So what does the revised draft say and why is it surrounded by so much secrecy? Various indirect and unofficial reports from the working group say that the revised draft abandoned the concept that animals are sentient beings and introduced euthanasia as the sole method for managing stray population instead of a TNR (trap, neuter, release) program which was provided for in the approved draft Statute. The supporters of euthanasia say that TNR is an unworkable solution, at least concerning dogs, because it has been tried and failed in the past and because stray dogs pose a danger to humans. So humane euthanasia is suggested instead.
Why this won’t work
However, there is a problem. There is little doubt that in a country where corruption is rife, the legalization of euthanasia will simply provide a legitimate excuse to funnel more budget money into the greedy pockets of some civil servants and businesses while cats and dogs will be killed inhumanely in secret. In the circumstances where there appear to be no proposed mechanisms for the reduction of the production of pets (i.e. encouragement of sterilization, regulation of pet breeding), no promotion of education programs for responsible pet care, no animal welfare education for vets and no liability for cruel treatment of animals, so called “euthanasia” will in practice turn into nothing more than the secretive brutal murder of thousands of animals on a daily basis.
Couple this with the fact that this legislation is bound to set the tone for the treatment of other categories of animals, e.g., wild animals in captivity, and an ugly picture of a society condoning cruelty and promoting lack of responsibility will emerge.
The issue of pet overproduction and management of strays requires proper consideration, not a haphazard approach. There is extensive evidence from reputable international charities on the success of TNR programs if properly managed. It is incredible that international animal welfare charities are not invited to take part in these discussions and share their experiences.
On 28 April 2013, demonstrations took place in Moscow and 70 other cities of Russia as part of a Russia-wide action “Russia without cruelty” under the banner of “Law must protect not kill!” Up to 1000 people took part in the demonstration in Moscow alone. (Russian animal welfare site)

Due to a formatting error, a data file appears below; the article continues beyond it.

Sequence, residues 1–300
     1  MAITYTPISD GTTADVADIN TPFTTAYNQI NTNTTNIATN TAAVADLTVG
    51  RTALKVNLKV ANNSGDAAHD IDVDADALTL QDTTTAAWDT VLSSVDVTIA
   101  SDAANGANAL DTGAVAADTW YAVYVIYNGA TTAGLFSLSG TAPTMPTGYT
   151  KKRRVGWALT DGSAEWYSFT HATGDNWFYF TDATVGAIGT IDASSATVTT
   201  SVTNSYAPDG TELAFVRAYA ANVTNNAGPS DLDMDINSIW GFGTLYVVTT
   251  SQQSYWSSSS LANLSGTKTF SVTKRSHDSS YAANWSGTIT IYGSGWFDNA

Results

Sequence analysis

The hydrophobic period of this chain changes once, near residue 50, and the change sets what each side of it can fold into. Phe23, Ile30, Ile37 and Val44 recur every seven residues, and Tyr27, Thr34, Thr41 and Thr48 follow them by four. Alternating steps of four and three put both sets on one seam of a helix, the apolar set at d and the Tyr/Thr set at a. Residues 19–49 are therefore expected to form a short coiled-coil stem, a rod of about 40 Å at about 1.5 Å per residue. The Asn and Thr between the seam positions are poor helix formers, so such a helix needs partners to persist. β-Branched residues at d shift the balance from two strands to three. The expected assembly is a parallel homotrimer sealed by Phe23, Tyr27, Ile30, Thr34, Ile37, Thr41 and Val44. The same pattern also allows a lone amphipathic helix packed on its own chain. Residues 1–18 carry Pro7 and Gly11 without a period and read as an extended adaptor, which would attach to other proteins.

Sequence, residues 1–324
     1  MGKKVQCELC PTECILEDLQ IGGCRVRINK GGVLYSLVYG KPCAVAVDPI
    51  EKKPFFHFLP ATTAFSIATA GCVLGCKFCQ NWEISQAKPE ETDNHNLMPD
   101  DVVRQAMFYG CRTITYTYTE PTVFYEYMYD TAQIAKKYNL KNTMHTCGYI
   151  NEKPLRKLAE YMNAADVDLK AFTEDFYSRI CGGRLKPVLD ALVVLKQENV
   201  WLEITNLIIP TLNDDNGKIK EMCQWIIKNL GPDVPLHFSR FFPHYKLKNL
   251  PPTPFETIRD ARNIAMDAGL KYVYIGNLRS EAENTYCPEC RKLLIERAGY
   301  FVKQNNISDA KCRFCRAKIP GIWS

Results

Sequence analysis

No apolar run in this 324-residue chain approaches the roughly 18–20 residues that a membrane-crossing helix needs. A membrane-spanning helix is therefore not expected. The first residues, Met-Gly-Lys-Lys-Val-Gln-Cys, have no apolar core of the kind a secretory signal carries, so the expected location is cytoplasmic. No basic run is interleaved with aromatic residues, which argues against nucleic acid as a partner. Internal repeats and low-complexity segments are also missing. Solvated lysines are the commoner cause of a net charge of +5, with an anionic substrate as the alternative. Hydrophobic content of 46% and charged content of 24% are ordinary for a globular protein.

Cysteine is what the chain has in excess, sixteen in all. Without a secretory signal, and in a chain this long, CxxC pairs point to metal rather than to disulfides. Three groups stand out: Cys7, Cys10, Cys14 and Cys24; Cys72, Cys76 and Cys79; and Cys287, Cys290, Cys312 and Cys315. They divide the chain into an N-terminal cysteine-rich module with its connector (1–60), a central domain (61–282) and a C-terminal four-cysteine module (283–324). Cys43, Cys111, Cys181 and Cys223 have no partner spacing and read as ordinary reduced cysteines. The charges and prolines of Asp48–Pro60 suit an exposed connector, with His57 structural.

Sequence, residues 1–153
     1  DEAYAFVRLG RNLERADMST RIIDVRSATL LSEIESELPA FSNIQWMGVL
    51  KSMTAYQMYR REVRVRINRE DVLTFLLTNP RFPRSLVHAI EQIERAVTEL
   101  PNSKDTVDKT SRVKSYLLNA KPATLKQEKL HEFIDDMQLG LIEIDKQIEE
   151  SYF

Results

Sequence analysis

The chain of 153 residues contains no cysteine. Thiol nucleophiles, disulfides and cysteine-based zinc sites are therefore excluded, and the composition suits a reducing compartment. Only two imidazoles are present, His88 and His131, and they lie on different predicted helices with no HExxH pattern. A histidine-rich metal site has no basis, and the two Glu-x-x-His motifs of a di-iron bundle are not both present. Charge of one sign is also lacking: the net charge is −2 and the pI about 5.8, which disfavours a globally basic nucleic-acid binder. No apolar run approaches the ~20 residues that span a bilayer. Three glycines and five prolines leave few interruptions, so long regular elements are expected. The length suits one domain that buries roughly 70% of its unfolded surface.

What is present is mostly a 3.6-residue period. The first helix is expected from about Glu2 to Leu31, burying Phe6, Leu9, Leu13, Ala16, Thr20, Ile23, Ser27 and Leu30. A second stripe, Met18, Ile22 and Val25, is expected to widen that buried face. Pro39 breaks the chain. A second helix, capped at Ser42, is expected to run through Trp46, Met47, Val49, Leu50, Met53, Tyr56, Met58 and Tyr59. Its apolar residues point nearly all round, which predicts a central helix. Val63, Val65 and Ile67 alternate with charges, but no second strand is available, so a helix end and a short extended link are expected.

There is no time to be wasted. It is clear that if we are going to protect animals in Russia, now is the time to act. Please sign our petition and add your voice to ours.
SITUATION IN ROMANIA SEEMS ON THE BRINK – DOGCATCHERS ARE EVEN ROBBING DOGS OUT OF PRIVATE GARDENS; OUT OF THE HANDS OF OWNERS – AND ALL THIS BEFORE THE EYES OF CHILDREN
Map of Hope – Karte der Hoffnung für Hunde in Rumänien hat einen Link geteilt.
Masacrul maidanezilor continuă la Bârlad: 180 de eutanasieri
În această săptămână, la adăpostul public de câini fără stăpân din Bârlad, a avut loc a treia tranşă de eutanasiere. Animalele au fost ţinute în adăpost, conform legii, dar nu au fost suficiente adopţii pentru a-i salva de la moarte pe toţi.
Pe 23 iunie a avut loc o nouă tranşă de eutanasiere a maidanezilor la adăpostul public din Bârlad. Au primit injecţia letală 60 de patrupede. Numărul total al câinilor ucişi a ajuns la 180. Pe de altă parte, de la începutul anului, personae fizice din oraş şi două ONG-uri de profil au adoptat aproximativ 300 de.
“Nu bucură pe nimeni că trebuie să recurgem la eutanasiere. Dar unde-i lege, nu-i tocmeală. Reprezentantul unui ONG a venit de curând şi a mai adoptat 17 câini. E salutar gestul celor care salvează maidanezii de la moarte. Din păcate, nu i-au luat pe toţi”, a declarat, pentru “Adevărul”, Adrian Cărăbăţ, directorul Grădinii Zoologice.
Momentan, la padocul public mai sunt 80 de câini. Hingherii vor continua să adune maidanezii de pe străzi şi, după umplerea locurilor de cazare şi depăşirea termenului prevăzut de lege pentru adopţii, va fi stabilită o nouă tranşă de eutanasieri.
Occupy for Animals has received an inside information saying that ASPA head, Razvan Bancescu and Police, will hit private shelters as early as tomorrow, Friday, 18th of July, 2014 and on the weekends to come.
ACTUAL Warning and Informations!
Please protect our DOGS in Bukarest!!!
ASPA crimes must be stopped!
Lawyers, Activists and Cameras are ready!
An: Seine Exzellenz Shi Mingde
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Please, stop immediately the brutal slaughtering of dogs in China